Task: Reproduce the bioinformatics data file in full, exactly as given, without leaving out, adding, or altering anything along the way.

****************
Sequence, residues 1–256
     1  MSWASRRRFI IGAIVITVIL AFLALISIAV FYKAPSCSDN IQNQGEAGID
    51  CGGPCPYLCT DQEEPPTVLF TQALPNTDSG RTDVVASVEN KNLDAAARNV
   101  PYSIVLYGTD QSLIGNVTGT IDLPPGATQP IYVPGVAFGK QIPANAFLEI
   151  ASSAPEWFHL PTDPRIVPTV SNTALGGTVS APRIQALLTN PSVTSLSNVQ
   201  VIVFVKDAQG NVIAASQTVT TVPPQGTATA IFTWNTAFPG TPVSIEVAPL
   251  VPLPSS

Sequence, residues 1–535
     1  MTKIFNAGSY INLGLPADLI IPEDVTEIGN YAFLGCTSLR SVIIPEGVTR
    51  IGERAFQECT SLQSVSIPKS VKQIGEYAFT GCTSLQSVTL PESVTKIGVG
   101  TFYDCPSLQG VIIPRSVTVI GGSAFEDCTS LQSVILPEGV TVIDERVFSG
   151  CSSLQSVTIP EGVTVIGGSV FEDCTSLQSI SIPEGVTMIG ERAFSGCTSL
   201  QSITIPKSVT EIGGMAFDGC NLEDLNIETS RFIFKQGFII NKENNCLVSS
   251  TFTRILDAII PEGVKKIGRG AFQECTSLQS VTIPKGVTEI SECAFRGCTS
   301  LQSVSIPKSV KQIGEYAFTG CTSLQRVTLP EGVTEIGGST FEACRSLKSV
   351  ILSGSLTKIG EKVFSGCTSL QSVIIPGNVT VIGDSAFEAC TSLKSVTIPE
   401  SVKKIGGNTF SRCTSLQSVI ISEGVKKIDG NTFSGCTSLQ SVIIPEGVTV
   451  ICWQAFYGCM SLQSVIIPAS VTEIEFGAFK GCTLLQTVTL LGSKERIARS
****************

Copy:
Sequence, residues 1–256
     1  MSWASRRRFI IGAIVITVIL AFLALISIAV FYKAPSCSDN IQNQGEAGID
    51  CGGPCPYLCT DQEEPPTVLF TQALPNTDSG RTDVVASVEN KNLDAAARNV
   101  PYSIVLYGTD QSLIGNVTGT IDLPPGATQP IYVPGVAFGK QIPANAFLEI
   151  ASSAPEWFHL PTDPRIVPTV SNTALGGTVS APRIQALLTN PSVTSLSNVQ
   201  VIVFVKDAQG NVIAASQTVT TVPPQGTATA IFTWNTAFPG TPVSIEVAPL
   251  VPLPSS

Sequence, residues 1–535
     1  MTKIFNAGSY INLGLPADLI IPEDVTEIGN YAFLGCTSLR SVIIPEGVTR
    51  IGERAFQECT SLQSVSIPKS VKQIGEYAFT GCTSLQSVTL PESVTKIGVG
   101  TFYDCPSLQG VIIPRSVTVI GGSAFEDCTS LQSVILPEGV TVIDERVFSG
   151  CSSLQSVTIP EGVTVIGGSV FEDCTSLQSI SIPEGVTMIG ERAFSGCTSL
   201  QSITIPKSVT EIGGMAFDGC NLEDLNIETS RFIFKQGFII NKENNCLVSS
   251  TFTRILDAII PEGVKKIGRG AFQECTSLQS VTIPKGVTEI SECAFRGCTS
   301  LQSVSIPKSV KQIGEYAFTG CTSLQRVTLP EGVTEIGGST FEACRSLKSV
   351  ILSGSLTKIG EKVFSGCTSL QSVIIPGNVT VIGDSAFEAC TSLKSVTIPE
   401  SVKKIGGNTF SRCTSLQSVI ISEGVKKIDG NTFSGCTSLQ SVIIPEGVTV
   451  ICWQAFYGCM SLQSVIIPAS VTEIEFGAFK GCTLLQTVTL LGSKERIARS